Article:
Employers and plans need to prioritize clinical efficacy over drug price, look for price reductions — and not rebates — on biosimilars, and advocate for a public option to cover gene therapies. These are just a few of ideas that consultant Alex Jung put forward at a meeting of the Midwest Business Group on Health.
It’s time to abandon the term “specialty drugs,” argues Alex Jung, founder of Alex Jung Consulting at a forum sponsored by the Midwest Business Group on Health. When 53% of drug spend is considered specialty and new drugs launch at high prices, specialty drugs have become the norm. "When it’s more than half of spend, is it really special,” she asks. I don’t think specialty pharmacy exists anymore.”
The term specialty drugs, she pointed out, was coined 15 years to isolate that 2% to 3% of spend. Now most of the newer drugs are not oral solids. They are injectables or infusions and require special handling, storage and administration.
The average cost of specialty drugs on the pharmacy benefit have increased from $3,604 in 2016 to $4,562 in 2021. Growth in specialty drug per member per month (PMPM) was 14.2% in 2021, and PMPM specialty drug cost has doubled from $615 in 2016 to $1,295 in 2021.
Jung challenged employers to talk differently and think differently about how they pay for the more complicated and costly specialty medications. “We need to start calling these drugs what they are: patent-protected brands.”
Jung suggested that employers develop plan designs that consider affordability, with new tier categories: cash-pay generics, covered generics, and branded. Many generic drugs available today cost less than a patient’s copay. “This is a category where there is a significant amount of spread being made by PBMs,” she said. “This also contributes to DIR ‘clawbacks’ for the pharmacy where the difference between the price and the copay are clawed back by the PBM.”
Biosimilars were expected to help address the high costs of some drug but plans and employers are prioritizing rebates and not price reduction. Biosimilars may not be the lowest new costs therapy if the innovator brand is willing to offer rebates or price concessions.
This, she said, is a short-term strategy that will not result in long-term savings. “You are still taking rebates and you are killing the biosimilar market,” she said to the employer audience. “Why are we taking a rebate on a generic drug. In Europe, the biosimilars have been successful and have lowered costs. Even though utilization has gone up in the United States, market access has not.”
June cautioned employers about making decisions based on price instead of clinical efficacy. She suggested that decisions around step therapy and prior authorizations based on price are likely to result in a short-term savings but have significant long-term costs.
This, she said, is especially true with autoimmune disorders such as inflammatory bowel disease, rheumatoid arthritis and plaque psoriasis. When they are not controlled, they can create irreversible damage to the body, which results in higher morbidity and higher mortality. “I implore you not to make the financial choice over the clinical efficacy. The reason your costs are going up is that is what you have been doing. And you have created a group of patients [with higher cost medical care] who have come back to haunt you.”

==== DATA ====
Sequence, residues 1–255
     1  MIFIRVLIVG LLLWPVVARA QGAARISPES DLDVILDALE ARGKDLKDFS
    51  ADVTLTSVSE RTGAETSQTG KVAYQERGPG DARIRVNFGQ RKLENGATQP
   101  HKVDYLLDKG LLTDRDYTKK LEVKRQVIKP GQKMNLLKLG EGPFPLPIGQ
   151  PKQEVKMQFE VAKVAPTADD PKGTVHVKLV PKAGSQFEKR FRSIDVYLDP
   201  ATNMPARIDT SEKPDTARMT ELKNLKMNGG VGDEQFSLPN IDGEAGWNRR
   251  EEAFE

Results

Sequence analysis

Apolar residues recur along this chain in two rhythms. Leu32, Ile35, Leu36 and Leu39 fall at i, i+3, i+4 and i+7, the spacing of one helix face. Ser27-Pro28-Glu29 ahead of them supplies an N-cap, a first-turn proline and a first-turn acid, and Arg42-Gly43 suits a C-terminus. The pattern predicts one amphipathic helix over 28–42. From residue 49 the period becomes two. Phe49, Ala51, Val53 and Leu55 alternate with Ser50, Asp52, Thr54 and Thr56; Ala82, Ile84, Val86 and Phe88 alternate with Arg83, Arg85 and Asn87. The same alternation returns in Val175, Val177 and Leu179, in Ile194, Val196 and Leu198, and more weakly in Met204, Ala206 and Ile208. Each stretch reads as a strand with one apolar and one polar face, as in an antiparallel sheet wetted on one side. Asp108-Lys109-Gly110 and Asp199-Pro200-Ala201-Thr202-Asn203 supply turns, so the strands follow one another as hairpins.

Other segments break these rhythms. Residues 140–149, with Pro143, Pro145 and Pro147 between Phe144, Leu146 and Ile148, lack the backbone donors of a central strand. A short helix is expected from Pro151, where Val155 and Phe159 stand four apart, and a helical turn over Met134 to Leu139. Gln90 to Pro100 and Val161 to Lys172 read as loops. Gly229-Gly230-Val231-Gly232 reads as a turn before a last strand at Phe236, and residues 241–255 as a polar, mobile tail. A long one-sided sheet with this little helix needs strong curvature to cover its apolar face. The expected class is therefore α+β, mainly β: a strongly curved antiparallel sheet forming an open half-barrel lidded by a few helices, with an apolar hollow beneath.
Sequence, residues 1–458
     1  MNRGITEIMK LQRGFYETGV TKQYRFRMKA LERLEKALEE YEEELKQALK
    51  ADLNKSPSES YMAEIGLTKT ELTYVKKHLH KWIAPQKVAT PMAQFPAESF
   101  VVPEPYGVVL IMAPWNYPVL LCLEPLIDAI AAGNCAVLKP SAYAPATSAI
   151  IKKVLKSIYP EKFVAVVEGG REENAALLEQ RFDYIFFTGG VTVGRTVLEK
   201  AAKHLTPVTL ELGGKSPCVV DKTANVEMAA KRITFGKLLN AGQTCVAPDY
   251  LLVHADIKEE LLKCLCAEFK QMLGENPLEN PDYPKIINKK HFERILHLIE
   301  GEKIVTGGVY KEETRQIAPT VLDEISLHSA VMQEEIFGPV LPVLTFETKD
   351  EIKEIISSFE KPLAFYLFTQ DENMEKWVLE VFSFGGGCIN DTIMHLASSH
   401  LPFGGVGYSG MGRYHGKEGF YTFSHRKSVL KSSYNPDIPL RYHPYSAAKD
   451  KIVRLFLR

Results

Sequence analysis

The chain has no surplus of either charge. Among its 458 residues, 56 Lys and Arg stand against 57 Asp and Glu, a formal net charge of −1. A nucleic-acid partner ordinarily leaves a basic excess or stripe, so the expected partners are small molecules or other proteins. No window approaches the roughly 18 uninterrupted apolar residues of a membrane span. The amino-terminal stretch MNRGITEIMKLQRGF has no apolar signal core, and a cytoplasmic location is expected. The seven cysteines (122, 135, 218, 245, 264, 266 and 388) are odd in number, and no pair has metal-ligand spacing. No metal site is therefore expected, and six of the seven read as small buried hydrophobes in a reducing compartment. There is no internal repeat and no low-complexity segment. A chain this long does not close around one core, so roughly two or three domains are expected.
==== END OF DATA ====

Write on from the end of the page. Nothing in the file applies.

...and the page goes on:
The issue, Jung said, is not likely to be solved when higher-cost employees leave a company. The odds are that those who replace them will have a similar health profile. From an actuarial perspective that assesses risk score, they are likely to be identical. “You are not doing anything for your costs; you are just rotating risk,” she said. “If you are messing around with employees’ medications, guess what happens to that risk score? You have savings, you think. But your employees could be a ticking time bomb because they are no longer on their meds.”
And as a result, self-insured employers will likely face higher reserves because of the high risk scores of their employees.
Jung also suggested that employers should not be trying to cover and pay for gene therapies and other one-time cures — such as hemophilia A treatments Altuviio, which was approved in February 2023 and Roctavian, with a PDUFA date of June 30, 2023. Payers and society are grappling with how to pay for gene therapies that have with million price tags.
“Hemophilia gene therapy should not be covered by employers; you should be pushing for a national risk pool. We need a public option for patients like these,” Jung said. “You don’t have absorb all these costs. You just have to think differently about the risk for them.”
She said a public option for funding high-cost specialty therapeutics is inevitable. There are two trends colliding here. This is the result of an aging population and more such precision therapies are expected to be approved.